Huge difference in attitudes toward homosexual behavior among Democrats by race


There has been a little hullabaloo in the media about lack of support for Pete Buttigieg in the black community due to the skepticism of his identity as a married gay man. My own prior is to assume that there will be some differences in attitudes, but it will be modest. I come to this position because when I’ve looked at survey data black Americans and white Americans aren’t as different as the stark caricatures make them out to be. Contrary to Republican assertions black Americans are not really socially conservative, though they are more moderate than white liberals (what’s really going on usually is that white liberals are very socially liberal).

So I decided to look in the GSS for the years 2016 and 2018 at a variable with large sample sizes, HOMOSEX. It asks about whether people think “sexual relations between two adults of the same sex” are:

– always wrong
– almost always wrong
– sometimes wrong
– not wrong at all

You can see the result above. The difference in attitudes is huge. I added white Republicans and Hispanic Democrats, and you can see black Democrats are even further in their views than these groups.

Though the sample sizes are smaller when you go into the cross-tabs, here are some demographic slices. Notice that white Democrats born after 1984 almost all think that homosexual sex between adults is “not wrong at all.” In contrast, younger black Democrats are divided. It is less black Americans are homophobic, and more that white Democrats have moved very fast and very far on this once polarizing social issue.

Finally, I ran a logit regression with a dummy variable. It looks like religion and education doesn’t explain all the difference. Probably due to how social consensus on political issues emerges, the separation of black and white social networks has caused this split, as the consensus in the latter has not spread to the former (among Democrats).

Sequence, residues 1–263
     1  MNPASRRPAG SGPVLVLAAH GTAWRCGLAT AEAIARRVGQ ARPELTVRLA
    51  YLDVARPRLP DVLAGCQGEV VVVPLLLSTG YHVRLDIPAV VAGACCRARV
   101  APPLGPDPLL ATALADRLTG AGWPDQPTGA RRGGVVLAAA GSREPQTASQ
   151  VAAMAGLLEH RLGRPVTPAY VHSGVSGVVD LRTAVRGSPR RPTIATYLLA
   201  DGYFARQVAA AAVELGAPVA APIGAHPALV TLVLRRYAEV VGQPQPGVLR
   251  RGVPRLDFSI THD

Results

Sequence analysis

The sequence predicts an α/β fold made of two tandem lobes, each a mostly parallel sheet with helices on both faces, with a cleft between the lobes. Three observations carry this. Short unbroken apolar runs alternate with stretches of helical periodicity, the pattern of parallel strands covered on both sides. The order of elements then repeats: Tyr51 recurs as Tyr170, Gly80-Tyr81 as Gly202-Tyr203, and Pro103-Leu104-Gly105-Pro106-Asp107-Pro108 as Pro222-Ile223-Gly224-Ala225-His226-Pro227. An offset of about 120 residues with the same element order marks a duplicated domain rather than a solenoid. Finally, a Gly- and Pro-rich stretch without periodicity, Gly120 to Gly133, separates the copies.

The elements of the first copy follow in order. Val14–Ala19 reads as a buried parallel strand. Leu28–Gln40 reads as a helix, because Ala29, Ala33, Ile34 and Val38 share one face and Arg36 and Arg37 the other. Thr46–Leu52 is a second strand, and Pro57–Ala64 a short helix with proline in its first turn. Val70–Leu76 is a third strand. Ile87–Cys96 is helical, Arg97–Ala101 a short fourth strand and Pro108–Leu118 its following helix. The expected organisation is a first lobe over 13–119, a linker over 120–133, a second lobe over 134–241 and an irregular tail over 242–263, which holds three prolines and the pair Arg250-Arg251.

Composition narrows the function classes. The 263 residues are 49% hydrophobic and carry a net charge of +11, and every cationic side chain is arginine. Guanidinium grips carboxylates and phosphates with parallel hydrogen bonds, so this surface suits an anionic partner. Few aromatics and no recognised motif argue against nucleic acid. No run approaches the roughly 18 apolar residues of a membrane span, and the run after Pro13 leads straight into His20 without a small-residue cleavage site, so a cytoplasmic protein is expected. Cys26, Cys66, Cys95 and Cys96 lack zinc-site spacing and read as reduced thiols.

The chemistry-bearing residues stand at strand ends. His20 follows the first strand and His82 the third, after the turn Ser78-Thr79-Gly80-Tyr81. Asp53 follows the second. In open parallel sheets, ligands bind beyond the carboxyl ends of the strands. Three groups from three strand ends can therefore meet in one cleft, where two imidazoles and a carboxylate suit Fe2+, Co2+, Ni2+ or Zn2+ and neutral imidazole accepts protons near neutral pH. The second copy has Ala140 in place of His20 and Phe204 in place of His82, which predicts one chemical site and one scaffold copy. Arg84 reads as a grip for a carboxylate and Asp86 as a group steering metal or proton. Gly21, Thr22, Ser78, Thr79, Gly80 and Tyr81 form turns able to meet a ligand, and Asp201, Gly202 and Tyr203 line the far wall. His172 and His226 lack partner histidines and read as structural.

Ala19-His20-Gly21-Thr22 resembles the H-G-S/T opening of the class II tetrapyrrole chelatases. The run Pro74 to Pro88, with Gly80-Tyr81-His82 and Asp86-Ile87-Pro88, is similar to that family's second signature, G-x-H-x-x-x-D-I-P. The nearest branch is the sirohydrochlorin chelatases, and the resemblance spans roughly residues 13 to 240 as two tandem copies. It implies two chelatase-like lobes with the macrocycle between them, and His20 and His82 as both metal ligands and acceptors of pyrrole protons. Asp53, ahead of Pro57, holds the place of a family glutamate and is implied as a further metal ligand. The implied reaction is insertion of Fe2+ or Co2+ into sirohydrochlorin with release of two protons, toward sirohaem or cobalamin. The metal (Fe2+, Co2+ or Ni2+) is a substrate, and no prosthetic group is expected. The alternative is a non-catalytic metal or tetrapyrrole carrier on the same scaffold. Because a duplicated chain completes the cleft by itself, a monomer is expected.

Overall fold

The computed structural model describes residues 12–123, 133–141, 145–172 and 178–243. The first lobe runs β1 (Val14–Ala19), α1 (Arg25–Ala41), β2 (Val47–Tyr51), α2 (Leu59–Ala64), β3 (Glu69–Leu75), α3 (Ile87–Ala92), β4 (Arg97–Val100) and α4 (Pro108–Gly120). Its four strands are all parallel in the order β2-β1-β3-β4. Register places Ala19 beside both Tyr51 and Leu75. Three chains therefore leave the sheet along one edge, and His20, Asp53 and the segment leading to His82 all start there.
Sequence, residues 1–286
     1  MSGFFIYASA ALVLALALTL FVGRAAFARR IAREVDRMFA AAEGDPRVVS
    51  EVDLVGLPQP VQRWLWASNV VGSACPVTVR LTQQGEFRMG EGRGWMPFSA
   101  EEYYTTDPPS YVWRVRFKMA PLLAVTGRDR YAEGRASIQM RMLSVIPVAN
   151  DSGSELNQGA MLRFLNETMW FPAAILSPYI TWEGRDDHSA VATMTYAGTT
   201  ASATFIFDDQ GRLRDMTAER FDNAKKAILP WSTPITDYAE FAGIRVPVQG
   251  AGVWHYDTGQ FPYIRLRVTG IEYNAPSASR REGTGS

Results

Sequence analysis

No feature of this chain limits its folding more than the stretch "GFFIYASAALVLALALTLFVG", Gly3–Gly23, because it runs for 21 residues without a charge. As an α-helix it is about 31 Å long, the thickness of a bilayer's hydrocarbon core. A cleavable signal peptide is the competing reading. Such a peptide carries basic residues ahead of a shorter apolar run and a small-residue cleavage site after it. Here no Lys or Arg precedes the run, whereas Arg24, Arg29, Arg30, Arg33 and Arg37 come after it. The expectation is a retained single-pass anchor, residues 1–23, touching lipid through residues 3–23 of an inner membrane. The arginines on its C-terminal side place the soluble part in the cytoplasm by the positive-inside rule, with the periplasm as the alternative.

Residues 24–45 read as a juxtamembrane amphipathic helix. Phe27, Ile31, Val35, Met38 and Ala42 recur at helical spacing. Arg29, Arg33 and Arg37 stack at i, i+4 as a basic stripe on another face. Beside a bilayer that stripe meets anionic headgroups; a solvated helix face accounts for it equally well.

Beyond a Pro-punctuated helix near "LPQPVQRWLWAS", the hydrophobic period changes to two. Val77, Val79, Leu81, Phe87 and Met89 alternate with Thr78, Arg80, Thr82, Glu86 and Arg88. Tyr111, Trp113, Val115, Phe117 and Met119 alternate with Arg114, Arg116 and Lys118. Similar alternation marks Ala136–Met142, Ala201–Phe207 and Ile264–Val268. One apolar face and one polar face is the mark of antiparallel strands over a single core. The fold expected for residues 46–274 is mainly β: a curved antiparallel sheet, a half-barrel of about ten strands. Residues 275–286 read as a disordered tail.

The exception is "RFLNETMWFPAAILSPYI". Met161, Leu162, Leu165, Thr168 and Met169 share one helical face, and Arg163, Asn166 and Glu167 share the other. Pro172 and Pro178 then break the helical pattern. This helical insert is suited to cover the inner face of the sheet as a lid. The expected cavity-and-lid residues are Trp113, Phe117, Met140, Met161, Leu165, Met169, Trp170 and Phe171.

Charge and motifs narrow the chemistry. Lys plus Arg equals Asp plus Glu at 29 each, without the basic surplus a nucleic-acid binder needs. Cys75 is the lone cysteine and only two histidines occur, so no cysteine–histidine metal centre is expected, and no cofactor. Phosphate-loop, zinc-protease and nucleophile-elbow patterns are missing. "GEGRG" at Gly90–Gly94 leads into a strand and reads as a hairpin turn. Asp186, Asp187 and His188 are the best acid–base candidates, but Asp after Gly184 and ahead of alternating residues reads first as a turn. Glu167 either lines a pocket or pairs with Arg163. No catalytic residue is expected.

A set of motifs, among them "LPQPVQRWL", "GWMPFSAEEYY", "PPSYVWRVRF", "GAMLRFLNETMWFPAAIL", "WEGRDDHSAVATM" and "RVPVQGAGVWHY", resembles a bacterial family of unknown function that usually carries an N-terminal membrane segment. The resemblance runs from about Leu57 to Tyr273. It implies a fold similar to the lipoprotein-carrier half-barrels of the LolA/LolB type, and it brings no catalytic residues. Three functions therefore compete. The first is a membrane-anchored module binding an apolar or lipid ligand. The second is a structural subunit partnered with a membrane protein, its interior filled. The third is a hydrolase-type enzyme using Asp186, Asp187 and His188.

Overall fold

Variables for replication: race, partyid(r:1-3;4;5-7)*, hispanic, degree, cohort.

Tables below

White DemocratBlack DemocratWhite RepublicanHispanic Democrat
Always Wrong15594829
Almost always wrong2455
Sometimes wrong7366
Not wrong at all76334160
Born 1985 and later
White DemocratBlack Democrat
Always Wrong143
Almost always wrong12
Sometimes wrong45
Not wrong at all9449
Born 1975 and earlier
White DemocratBlack Democrat
Always Wrong2169
Almost always wrong35
Sometimes wrong82
Not wrong at all6723
With college degrees
White DemocratBlack Democrat
Always Wrong555
Almost always wrong12
Sometimes wrong73
Not wrong at all8740
Without college degrees
White DemocratBlack Democrat
Always Wrong2261
Almost always wrong35
Sometimes wrong73
Not wrong at all6831

* I merged Democrat and Republican categories of intensity.

9 thoughts on “Huge difference in attitudes toward homosexual behavior among Democrats by race

  1. This is a bit of an aside, but the whole “Blacks and Latinos are really socially conservative” thing that Republicans have is very irritating, because I’ve looked into it myself (albeit not the GSS) and outside of LGBT issues and abortion, both groups tend to be left to left of center on…basically everything.

    I mean, what is a “social issue” in U.S. parlance? Generally speaking it’s defined as everything which doesn’t encompass economic issues or foreign policy. This is inclusive of the death penalty, gun control, police brutality, criminal justice reform – etc. All of these are issues where both groups are way to the “left” of the median U.S. voter. Then there’s all of the environment-related issues, where polling is relatively limited, but both groups broadly seem to be left-of-center.

    I’ve always wondered how much of it is just a talking point by Republicans to seem like they might be more competitive among both groups in the future, and how much of it is just motivated reasoning.